Time-resolved fluorescence polarization measurements for entire emission spectra with a resistive-anode, single-photon-counting detector: The Fluorescence omnilyzer

Lisa A. Kelly, John G. Trunk, John C. Sutherland

Research output: Contribution to journalArticlepeer-review

13 Scopus citations

Abstract

We report a fluorescence analyzer that records simultaneously the temporal profiles for both orthogonal linear polarizations for all wavelengths in a fluorescence emission spectrum. The Analyzer combines a resistive-anode single-photon-counting photomultiplier, imaging spectrograph, Wollaston polarizer, multiparameter analyzer with histograming memory, and standard timing electronics. The spectrograph disperses the fluorescence spectrum across the photocathode of the photomultiplier, and the Wollaston polarizer separates the spectra of the two polarizations in opposite directions from the center of the photocathode perpendicular to the direction of spectral dispersion. The locations at which each photon reaches the photocathode is determined by the ratios of the charges read from the four corners of the resistive anode. One of the two address coordinates that determine where in histogramming memory each photon is recorded is obtained by measuring the time of arrival of the photon at the detector relative to the pulse of light that excites the fluorescence. The second address coordinate is obtained by combining the most-significant bit of the location of the event along the direction on the resistive anode corresponding to the polarization of the photon with the multibit digital value indicating photon wavelength. Storing the data directly into histogramming memory permits display of the data set as it is recorded. Both the spectral and temporal calibrations of the fluorescence analyzer are independent of the polarization of the fluorescence. The ≈100 ps temporal resolution of the resistive-anode detector is well matched to the ≈ 1 ns full width at half-maximum pulses of light produced by the synchrotron storage ring that we use as the excitation source, but laser excitation could also be used with this detector. Recording simultaneously all of the data required for the global analysis of the time evolution of both linear polarization components of fluorescence, and thus, time-resolved anisotropy, reduces the duration of exposure of the sample to the excitation beam, hence, facilitating studies of fragile or photosensitive biological specimens.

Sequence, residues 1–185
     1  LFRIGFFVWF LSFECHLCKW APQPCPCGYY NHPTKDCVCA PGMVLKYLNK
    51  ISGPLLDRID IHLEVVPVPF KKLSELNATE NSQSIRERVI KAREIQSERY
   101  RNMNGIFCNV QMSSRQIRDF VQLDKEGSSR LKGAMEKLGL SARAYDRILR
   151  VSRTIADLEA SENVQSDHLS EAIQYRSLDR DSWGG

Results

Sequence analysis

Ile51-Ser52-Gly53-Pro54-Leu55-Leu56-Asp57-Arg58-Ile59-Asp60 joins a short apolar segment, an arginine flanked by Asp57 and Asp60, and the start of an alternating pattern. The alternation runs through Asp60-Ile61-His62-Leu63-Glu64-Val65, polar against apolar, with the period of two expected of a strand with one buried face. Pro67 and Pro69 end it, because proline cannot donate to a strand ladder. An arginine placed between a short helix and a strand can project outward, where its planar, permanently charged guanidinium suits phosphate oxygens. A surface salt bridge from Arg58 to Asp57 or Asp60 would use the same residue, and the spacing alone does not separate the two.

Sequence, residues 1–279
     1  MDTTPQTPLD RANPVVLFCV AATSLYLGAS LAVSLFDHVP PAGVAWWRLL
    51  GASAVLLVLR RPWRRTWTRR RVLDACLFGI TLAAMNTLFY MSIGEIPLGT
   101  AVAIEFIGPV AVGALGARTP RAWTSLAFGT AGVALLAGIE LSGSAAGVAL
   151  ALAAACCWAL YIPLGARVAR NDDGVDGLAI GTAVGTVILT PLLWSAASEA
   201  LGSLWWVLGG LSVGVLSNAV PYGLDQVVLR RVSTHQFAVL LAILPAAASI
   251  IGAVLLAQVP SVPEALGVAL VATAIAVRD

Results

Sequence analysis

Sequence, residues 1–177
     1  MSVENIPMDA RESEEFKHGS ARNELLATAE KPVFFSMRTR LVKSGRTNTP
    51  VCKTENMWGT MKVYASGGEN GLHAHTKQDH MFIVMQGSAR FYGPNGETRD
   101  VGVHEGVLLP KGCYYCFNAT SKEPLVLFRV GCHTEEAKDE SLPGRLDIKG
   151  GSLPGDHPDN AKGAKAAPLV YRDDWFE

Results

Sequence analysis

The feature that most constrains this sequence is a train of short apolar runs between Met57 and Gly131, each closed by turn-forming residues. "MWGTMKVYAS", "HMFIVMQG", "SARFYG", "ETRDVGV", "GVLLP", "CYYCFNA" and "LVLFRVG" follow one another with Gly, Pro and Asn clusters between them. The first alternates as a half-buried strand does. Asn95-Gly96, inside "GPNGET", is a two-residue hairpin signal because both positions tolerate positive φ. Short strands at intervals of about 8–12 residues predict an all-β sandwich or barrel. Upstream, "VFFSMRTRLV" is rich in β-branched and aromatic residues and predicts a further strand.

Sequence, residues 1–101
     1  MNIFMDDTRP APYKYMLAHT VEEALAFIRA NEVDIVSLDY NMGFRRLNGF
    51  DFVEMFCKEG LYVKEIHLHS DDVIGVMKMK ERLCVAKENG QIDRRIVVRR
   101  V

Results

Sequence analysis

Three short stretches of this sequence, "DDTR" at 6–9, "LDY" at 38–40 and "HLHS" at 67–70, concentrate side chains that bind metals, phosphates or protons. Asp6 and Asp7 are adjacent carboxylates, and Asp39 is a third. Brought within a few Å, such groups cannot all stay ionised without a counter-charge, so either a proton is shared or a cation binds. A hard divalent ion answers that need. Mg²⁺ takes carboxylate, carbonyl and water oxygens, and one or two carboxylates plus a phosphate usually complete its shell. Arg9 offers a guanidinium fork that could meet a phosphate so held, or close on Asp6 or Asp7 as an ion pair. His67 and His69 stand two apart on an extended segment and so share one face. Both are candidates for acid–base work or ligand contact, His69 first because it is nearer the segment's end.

Original languageEnglish (US)
Pages (from-to)2279-2286
Number of pages8
JournalReview of Scientific Instruments
Volume68
Issue number6
DOIs
StatePublished - Jun 1997
Externally publishedYes

ASJC Scopus subject areas

  • Instrumentation

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